Soft Matter Seminar: Sorting out tenascin
Thursday, July 29, 2010 - 1:00pm - 2:00pm
The extracellular matrix protein tenascin-C plays a critical role in development, wound healing, and cancer progression, but how it is controlled and exerts its physiological role remains unclear. To study the dynamic regulation of tenascin-C, we use a cell line that is stably transfected with the tenascin-C promoter ligated to green fluorescent protein (GFP). Flow cytometry and automated live cell microscopy and image analysis show that the promoter activity within the population of clonal cells has a distribution spanning several orders of magnitude, with a large ratio of standard deviation to mean, and a long exponential tail. In contrast, many other promoters show bimodal distributions. The activity levels within the population change dynamically on time scales from days to weeks, as revealed by experiments using fluorescence activated cell sorting (FACS). With FACS, we sorted two subpopulations based on promoter activity and found that the bright (transcriptionally active) subpopulation relaxed back to the steady state distribution faster than the dim (transcriptionally inactive) subpopulation. Simulations were developed that rule out plausible models, but only hint at possible mechanisms. Furthermore, the sorted subpopulations show differences in motility, size, and proliferation that are not seen in live cell experiments in an unsorted populations, suggesting nonlinear effects of the extracellular environment.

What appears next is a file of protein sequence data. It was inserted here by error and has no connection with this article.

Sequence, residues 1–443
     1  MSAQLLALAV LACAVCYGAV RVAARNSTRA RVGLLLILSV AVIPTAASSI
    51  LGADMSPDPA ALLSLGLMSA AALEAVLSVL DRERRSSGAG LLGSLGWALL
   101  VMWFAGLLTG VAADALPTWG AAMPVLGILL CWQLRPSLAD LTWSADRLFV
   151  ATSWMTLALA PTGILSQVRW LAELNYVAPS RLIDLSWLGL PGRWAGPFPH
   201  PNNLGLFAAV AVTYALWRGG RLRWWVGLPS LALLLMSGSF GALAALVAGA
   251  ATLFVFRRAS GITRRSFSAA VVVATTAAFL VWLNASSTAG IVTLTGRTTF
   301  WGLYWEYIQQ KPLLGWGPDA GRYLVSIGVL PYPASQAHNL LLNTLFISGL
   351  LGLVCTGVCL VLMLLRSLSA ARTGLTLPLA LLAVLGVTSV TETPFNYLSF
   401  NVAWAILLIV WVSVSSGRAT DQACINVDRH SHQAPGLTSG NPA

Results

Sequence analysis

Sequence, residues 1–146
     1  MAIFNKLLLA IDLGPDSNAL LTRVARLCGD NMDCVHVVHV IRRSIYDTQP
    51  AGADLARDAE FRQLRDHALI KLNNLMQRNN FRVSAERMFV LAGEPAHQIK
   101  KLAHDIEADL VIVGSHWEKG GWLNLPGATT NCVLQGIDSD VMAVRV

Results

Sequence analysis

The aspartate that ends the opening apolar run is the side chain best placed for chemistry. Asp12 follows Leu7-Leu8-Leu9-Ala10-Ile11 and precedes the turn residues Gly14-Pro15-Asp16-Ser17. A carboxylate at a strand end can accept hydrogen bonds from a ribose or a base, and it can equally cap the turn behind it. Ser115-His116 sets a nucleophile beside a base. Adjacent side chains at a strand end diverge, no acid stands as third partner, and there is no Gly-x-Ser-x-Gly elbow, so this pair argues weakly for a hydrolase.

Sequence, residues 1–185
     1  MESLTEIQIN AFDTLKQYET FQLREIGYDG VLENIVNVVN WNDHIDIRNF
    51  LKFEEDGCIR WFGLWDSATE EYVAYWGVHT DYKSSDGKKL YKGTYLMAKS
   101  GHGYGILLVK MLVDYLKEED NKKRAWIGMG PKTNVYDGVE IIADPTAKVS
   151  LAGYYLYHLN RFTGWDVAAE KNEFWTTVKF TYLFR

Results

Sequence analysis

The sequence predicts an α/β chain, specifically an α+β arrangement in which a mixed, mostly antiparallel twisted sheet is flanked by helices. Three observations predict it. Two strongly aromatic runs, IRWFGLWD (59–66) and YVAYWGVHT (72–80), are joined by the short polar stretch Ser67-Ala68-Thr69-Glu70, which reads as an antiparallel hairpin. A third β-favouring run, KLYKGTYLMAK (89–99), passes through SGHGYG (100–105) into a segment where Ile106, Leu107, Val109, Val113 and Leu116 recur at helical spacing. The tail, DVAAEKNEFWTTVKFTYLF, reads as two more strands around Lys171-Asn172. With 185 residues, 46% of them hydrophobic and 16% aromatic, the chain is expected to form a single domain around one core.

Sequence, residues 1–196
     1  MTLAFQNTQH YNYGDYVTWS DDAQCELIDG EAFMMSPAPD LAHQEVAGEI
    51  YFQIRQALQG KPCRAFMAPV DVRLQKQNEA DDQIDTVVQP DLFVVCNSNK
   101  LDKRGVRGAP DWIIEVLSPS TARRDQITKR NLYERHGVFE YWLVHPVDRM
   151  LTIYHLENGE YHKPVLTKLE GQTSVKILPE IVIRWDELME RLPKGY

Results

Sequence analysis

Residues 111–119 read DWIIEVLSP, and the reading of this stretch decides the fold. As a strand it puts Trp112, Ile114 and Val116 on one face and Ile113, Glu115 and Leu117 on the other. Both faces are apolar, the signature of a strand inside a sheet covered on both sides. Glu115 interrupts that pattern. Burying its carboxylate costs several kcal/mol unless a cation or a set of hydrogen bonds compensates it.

Host: Daniel Blair